It all corresponds to my principles. The law of the Lombards was impartial, and the Romans had no interest in abandoning theirs to adopt it. The motive that persuaded the Romans under the Franks to choose Salic law was not pertinent in Italy : Roman law was maintained there with the law of the Lombards.
It even happened that the Lombard law yielded to Roman law ; it ceased to be the law of the dominant nation, and although it continued to be that of the principal nobility, most of the cities set themselves up as republics, and that nobility disappeared, or was exterminated.  The citizens of the new republics were not prone to adopt a law which established the use of judicial combat, and whose institutions derived largely from the customs and practices of chivalry. The clergy being from that time on so powerful in Italy, and living almost entirely under Roman law, the number of those who followed the law of the Lombards must have diminished regularly.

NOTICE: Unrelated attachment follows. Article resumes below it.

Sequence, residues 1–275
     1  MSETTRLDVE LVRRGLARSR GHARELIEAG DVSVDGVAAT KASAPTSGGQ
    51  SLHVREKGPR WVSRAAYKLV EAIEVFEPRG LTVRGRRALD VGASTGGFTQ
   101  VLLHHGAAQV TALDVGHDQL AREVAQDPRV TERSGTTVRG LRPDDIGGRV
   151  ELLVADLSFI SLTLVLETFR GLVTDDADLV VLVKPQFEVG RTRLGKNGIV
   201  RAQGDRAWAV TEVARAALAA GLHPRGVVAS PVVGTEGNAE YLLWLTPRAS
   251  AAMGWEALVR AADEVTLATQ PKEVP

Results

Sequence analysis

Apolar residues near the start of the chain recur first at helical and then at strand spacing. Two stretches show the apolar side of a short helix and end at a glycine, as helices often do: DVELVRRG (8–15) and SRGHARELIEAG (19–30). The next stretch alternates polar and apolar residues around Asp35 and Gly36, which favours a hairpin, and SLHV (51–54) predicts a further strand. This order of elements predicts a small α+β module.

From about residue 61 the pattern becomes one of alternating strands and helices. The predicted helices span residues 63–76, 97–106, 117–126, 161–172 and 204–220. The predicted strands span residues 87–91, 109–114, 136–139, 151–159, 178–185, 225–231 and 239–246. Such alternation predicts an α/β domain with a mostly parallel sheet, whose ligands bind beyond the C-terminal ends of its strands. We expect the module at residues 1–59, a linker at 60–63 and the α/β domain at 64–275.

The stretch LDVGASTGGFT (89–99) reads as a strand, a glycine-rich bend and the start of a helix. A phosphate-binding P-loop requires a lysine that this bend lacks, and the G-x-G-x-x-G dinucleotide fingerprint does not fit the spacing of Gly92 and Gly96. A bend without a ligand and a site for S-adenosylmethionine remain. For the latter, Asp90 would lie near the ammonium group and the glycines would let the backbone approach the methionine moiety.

Besides, the law of the Lombards did not have the majesty of Roman law, which recalled to Italy the memory of its domination over the whole earth ; it did not have the same extension. The law of the Lombards and Roman law could now serve only to supplement the statutes of the cities which had assumed the status of republics : now which could better supplement them, the law of the Lombards, which decided only certain cases, or the Roman law that embraced them all ?